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NHC drops odds of development to 10% for disturbance in Caribbean

The National Hurricane Center has been tracking a disturbance all week but says development of this system appears unlikely.

The National Hurricane Center (NHC) continues to track a disturbance in the southwestern Caribbean on Wednesday but says the area of concern is now unlikely to develop.

As of Wednesday afternoon, the NHC gives the disturbance a 10 percent chance of developing into a tropical depression or named storm over the next five days. This is down slightly from the 20 percent forecasted Tuesday.

A broad area of low pressure is expected to develop in this area over the next couple of days. While significant development of this system isn't likely, heavy rain will be possible for parts of Central America, the National Hurricane Center said.

Tropical systems have four stages of development.

  1. Tropical Disturbance: The birth of a hurricane, having only a slight circulation with no closed isobars around an area of low pressure. Tropical disturbances commonly exist in the tropical trade winds at any one time and are often accompanied by clouds and precipitation.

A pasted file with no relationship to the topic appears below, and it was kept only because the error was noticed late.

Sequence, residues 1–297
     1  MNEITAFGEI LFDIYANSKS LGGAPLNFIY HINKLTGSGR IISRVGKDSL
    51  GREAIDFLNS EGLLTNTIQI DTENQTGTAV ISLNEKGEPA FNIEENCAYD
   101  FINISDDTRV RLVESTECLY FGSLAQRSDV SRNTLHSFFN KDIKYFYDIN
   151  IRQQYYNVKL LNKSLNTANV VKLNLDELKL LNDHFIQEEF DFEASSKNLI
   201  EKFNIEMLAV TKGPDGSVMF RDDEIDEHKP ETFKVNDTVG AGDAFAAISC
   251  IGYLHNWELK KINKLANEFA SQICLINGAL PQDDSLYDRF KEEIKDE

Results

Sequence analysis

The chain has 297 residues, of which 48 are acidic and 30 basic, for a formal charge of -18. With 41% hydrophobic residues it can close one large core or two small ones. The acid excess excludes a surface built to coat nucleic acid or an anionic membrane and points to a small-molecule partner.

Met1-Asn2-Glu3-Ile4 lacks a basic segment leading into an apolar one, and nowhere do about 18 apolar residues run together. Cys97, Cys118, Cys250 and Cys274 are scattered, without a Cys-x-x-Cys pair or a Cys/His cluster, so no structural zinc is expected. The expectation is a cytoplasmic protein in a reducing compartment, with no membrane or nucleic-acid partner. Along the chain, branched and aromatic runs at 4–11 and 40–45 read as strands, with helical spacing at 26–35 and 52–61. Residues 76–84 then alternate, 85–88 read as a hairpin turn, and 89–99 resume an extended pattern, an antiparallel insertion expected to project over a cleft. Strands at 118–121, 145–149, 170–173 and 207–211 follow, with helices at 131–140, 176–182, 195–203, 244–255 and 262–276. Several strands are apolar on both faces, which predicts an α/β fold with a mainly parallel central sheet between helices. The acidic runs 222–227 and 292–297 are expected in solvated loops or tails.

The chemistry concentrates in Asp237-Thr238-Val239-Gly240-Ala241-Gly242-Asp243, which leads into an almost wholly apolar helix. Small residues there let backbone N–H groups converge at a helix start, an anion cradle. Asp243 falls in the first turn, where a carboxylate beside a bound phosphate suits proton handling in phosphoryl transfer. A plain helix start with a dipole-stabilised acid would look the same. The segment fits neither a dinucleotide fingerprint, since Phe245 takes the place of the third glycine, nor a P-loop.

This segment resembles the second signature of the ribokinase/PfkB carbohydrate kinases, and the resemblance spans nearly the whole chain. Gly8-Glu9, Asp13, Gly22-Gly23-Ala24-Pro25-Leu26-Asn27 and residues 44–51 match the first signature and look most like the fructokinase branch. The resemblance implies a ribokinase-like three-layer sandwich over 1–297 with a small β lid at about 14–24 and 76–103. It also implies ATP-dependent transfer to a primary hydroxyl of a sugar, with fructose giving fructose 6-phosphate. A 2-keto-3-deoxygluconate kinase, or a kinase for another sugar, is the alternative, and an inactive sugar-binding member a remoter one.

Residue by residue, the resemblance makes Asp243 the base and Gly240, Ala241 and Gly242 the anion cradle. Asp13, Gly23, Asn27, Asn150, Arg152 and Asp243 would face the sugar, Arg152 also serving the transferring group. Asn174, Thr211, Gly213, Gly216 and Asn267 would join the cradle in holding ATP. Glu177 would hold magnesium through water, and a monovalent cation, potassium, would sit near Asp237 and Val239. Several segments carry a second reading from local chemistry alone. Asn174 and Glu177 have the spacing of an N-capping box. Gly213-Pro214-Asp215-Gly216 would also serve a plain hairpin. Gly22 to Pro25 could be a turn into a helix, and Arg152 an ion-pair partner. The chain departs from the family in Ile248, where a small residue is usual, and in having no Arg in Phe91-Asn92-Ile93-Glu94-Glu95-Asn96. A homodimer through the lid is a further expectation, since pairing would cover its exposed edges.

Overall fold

2. Tropical Depression: When the winds reach between 25 and 38 mph, the storm is called a tropical depression. A tropical depression has at least one closed isobar that accompanies a drop in pressure in the center of the storm.
  3. Tropical Storm: If sustained wind speeds increase to at least 39 mph, a tropical depression is upgraded to a tropical storm. Surface wind speeds vary between 39 and 73 mph and the storm becomes more organized. Tropical storms resemble the appearance of hurricanes due to the intensified circulation.
  4. Hurricane: A tropical storm becomes a hurricane when sustained wind speeds reach 74 mph. A pronounced rotation develops around the central core as spiral rain bands rotate around the eye of the storm. The heaviest precipitation and strongest winds are associated with the eye wall.

Experts say 2021 is expected to be another busy hurricane season. The NHC predicts 13 to 20 named storms, with 6 to 10 of them hurricanes and 3 to 5 reaching Category 3 strength or higher.

This will be an above-average season for the sixth consecutive year.

Last year, 2020 produced the most named storms ever recorded, with 30. 

This broke the previous record of 28 which was set in 2005. Records date back to 1851.

The Atlantic hurricane season runs from June 1 through Nov. 30.

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